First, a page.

Byline: ANNE MCELVOY
THE traditional Labour row over private education has been reignited.
Cabinet minister Ruth Kelly becomes the latest figure laid out on the rack of "hypocrisy" as an erstwhile Secretary of State for schools who sought a private provision for her own special-needs child.
My own reservations about this charge are as follows. Most of her critics would do exactly the same thing it were their child and they could afford to do so. It is not wildly aberrant behaviour and neither is she the kind of Leftwing politician or commentator who inveighs about the evils of private schools but then resorts to them. She was most unwise not to announce the decision herself rather than be exposed, but that is a different matter of judgment.
The double standards charge is also invariably one-sided, being one to which only Labour politicians are exposed, which is simply inequitable. Will it be laid with the same intensity against Conservatives, many of whom will still seek to have their children educated in the excellent existing grammar schools, now that the party has bid farewell to expanding grammars to benefit more of the population? Fair's fair in the education wars if this is the weapon of choice.
Frankly, though, I would be more interested in what solutions are produced to affect the rest of us than in harrying some politician, whatever their party, for their own choices.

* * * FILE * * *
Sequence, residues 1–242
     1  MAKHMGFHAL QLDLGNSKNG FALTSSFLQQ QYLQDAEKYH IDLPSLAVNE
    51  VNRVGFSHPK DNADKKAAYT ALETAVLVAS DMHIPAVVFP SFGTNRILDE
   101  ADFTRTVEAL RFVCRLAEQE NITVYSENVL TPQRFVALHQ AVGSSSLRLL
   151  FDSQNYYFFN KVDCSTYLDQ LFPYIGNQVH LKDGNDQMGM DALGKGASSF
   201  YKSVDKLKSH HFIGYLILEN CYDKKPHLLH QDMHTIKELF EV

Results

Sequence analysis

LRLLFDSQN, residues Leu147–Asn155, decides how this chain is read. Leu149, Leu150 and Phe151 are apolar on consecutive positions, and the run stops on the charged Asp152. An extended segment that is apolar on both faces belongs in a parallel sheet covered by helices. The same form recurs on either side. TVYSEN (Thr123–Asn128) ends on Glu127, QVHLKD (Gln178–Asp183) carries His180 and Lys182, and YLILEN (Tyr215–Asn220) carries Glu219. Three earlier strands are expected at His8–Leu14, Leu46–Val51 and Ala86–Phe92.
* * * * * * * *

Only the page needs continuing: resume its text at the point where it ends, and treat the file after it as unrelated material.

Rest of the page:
The pent-up aggression that the Kelly case unleashes is felt most deeply by those who negotiate the London education system and feel trapped and dissatisfied by what it offers.
Despite Tony Blair's threefold " Education" pledge and a succession of initiatives to improve state schools since 1997, there remains a widespread despair about our schools - and that is shared by a growing number of people who would not previously have opted for private education, nor felt comfortable with the social selection it brings.
Just before l'affaire Kelly broke, a friend told me she was opting out of an upper mid-ranking London comp for her son in favour of a private school place. She is fiercely Left-of-centre and, like myself, the product of a state school.
We compared the subjects we had been taught at our own comps and the paltry curriculum offerings her son was grinding through joylessly now. We had both studied two modern languages, three sciences, history and classics to 16 - her child was offered a single mixed science course, one appallingly taught language and no history that did not clash with another core subject.
As for classics, that is now almost exclusively what it was before the Second World War - the preserve of the privately educated.
Progress is often measured by societies in which parents want more for their children than they had themselves. In large tranches of our education system it is the other way round: our children are set to receive a far less attractive or rounded education if they remain in state schools than we got.
"Some people will think I'm a hypocrite," said my friend. "And you know what? I just don't bloody care any more."
Rising expectations mean fewer parents will be held back by any ideological concerns from leaving the state system if they can. All around them they see inadequate or just-about-OK provision, often with a City Academy on the horizon, which may or may not come up to scratch, as the only hope. …